Find a Bird - BBA1
Breeding Bird Atlas 1 Species Accounts
May 20 to July 9
Number of Broods
The Yellow-billed Cuckoo is an uncommon migrant and an uncommon to rare and irregular summer resident. During peak years of Tent Caterpillar, Gypsy Moth, and Fall Webworm infestations, cuckoos become more numerous because as a general rule they are the only birds that will eat large numbers of these caterpillars. Yellow-billed Cuckoos are found in moist thickets, overgrown pastures, orchards, willow and alder groves, and, like the Black-billed Cuckoo, they are regularly encountered in deciduous forests. Yellow-billed Cuckoos are more numerous in eastern Massachusetts and the Connecticut River valley and are rare or absent from much of the hill country of central and western portions of the state.
In spring, the first individuals are usually reported during the first week of May, but the general arrival does not occur until later in the month, and some migration is still continuing in the first week of June. Because cuckoos are skulkers, they are much more often heard than seen. Their voices have ventriloquial qualities, so one may think the bird is far off when it is actually on a limb close by. Knowing the songs of the two cuckoo species may be vital to identification. Whereas the commoner Black-billed Cuckoo’s notes are generally a series of cu-cu-cu notes, the Yellow-billed Cuckoo typically gives a louder and throatier kow-kow-kow series. Two good renditions of the yellow-billed’s song are: kakakakakakaka-ka-ka-ka-ka-ka-ka, kow-kow-kow-kow-kow-kow and kuk-kuk-kuk-kuk-kuk, ceaow-ceaow-ceaow-ceaow, slowing toward the end. There are a variety of other calls, including coo-coo notes, some of which are impossible to distinguish from those of the Black-billed Cuckoo.
Yellow-billed Cuckoos will never win a prize for nest building, ranking, in fact, near the bottom of the ladder. The nest is typically a flimsy saucer of twigs, with perhaps a few leaves added for a lining, placed from 2 to 12 feet high in a bush or small tree. Five Massachusetts nests ranged from 2 feet up in low bushes to 12 feet up in an oak sapling in a swampy thicket (ACB). In another sample of state nests, 1 was located at 5 feet in a Red Cedar near a swamp, and the others were all lower in thickets along brooks (ACB).
Two to four bluish green eggs are the rule. When more have been found, the suspicion is that a second female has dumped her eggs in the owner’s nest. Eggs may also be left in nests of the Black-billed Cuckoo, as well as a variety of other species. The clutch sizes for 3 state nests were two, three, and four eggs respectively (EHF, DKW). Massachusetts egg dates have been recorded from late May to early July; but in some seasons nesting may be delayed, and the actual range of dates probably extends through August. One brood per year is the rule, and, although there are no records of renesting, this could occur. Incubation, shared by both sexes, takes approximately 14 days, and, because it may begin before the clutch is complete, may result in a brood of young of different ages. Because the nest has been so sloppily built, it is not unusual for a young nestling to fall, with fatal results. The development of the young is similar to that of the Black-billed Cuckoo (see account for that species). Nestlings have been recorded in Massachusetts from June 3 to July 8 (TC, BOEM, Meservey), and an adult with four fledged young was observed on July 5 (TC). Again, more data is needed to determine the actual range of dates. Immature birds have somewhat duller plumage, but the rufous primaries are still diagnostic.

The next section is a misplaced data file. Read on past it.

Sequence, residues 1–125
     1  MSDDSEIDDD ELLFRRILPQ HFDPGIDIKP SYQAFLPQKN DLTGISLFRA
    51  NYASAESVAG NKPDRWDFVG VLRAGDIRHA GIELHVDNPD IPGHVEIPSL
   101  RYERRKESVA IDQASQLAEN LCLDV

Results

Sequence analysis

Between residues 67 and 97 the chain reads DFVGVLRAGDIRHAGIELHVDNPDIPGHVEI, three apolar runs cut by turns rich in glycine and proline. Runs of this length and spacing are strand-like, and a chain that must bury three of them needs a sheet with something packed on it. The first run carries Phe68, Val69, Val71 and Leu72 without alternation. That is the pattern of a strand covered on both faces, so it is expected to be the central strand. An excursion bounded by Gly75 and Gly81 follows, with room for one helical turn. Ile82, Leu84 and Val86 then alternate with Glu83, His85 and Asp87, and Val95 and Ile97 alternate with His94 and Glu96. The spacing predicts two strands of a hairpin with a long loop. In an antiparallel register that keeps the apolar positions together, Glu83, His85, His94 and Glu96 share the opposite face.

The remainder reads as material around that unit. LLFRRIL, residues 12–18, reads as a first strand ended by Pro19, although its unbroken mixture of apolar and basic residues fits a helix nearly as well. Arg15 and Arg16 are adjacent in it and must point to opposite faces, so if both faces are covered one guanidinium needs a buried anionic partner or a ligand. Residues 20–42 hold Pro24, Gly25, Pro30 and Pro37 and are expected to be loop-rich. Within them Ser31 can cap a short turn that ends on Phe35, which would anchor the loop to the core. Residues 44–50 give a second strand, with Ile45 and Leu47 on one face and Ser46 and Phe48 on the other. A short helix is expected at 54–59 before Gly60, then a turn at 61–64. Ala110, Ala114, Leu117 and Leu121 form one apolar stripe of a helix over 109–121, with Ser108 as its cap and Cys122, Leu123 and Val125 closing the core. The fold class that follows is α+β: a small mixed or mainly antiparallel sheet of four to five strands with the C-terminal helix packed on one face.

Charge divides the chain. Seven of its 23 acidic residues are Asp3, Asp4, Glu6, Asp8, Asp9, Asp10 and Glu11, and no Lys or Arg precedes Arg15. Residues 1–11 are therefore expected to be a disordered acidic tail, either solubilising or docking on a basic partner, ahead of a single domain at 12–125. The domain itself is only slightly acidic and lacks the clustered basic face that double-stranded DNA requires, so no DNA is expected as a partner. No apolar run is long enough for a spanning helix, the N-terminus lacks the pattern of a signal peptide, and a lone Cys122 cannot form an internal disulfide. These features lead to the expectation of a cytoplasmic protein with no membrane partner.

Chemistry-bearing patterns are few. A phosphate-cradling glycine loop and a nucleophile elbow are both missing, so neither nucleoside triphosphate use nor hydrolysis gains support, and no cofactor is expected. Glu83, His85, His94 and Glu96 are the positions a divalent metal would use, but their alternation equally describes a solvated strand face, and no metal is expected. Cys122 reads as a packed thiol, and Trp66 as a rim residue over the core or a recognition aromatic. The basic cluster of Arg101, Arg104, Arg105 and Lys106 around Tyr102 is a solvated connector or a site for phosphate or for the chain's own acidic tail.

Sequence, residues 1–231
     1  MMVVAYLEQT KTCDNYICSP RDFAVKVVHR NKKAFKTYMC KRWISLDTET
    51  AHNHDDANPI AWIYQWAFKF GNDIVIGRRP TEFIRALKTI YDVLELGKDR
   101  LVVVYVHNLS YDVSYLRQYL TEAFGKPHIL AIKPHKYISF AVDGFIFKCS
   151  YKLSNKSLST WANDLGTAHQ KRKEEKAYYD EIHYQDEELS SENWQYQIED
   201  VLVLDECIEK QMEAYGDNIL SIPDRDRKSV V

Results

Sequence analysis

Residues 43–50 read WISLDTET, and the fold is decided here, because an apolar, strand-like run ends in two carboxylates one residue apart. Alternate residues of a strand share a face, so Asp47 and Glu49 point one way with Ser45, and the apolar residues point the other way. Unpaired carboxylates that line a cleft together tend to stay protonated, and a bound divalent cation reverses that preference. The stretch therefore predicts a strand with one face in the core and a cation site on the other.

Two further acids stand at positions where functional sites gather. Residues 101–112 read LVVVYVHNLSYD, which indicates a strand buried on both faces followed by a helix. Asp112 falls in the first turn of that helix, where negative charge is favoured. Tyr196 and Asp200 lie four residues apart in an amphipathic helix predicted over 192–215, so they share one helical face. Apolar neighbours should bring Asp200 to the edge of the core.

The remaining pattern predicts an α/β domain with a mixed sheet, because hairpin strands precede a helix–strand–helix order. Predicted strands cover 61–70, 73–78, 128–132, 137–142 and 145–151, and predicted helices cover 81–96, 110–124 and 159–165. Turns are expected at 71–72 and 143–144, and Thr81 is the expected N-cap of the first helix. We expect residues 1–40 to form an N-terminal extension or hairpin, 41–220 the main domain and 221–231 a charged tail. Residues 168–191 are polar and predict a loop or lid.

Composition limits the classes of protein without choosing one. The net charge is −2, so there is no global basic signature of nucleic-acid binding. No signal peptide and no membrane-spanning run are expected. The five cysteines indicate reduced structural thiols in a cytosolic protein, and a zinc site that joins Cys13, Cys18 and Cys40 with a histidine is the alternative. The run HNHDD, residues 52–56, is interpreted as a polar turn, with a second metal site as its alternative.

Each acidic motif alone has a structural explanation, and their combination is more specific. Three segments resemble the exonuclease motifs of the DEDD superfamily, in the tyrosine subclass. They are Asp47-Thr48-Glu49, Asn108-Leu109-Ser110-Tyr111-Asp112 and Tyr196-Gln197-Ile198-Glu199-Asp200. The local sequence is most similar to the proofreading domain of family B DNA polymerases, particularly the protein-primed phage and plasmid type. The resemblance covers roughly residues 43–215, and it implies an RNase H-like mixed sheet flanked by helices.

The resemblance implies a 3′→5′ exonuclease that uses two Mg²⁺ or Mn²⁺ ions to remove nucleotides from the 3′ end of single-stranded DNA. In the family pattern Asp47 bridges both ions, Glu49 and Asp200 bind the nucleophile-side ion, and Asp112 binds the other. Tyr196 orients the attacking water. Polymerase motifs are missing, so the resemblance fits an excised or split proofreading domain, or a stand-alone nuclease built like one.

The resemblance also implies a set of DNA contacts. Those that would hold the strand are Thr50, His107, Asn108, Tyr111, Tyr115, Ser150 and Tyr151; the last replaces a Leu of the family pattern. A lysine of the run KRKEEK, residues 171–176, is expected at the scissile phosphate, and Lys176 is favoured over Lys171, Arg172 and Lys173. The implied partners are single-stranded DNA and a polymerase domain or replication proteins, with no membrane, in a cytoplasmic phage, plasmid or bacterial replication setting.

The timing of fall migration varies. In some years, Yellow-billed Cuckoos pull out by late July or early August, but usually the records are from mid-August to mid-September. There are October reports, and stragglers have been observed even in November and December. After fall hurricanes, there may be a reverse migration of Yellow-billed Cuckoos from the south. The species winters in South America, from Venezuela, Colombia, and Ecuador south to Argentina.
Map Legend and Data Summary
Atlas 1 data collected from 1975-1979
Note: uncommon in second-growth woodlands and scrubby areas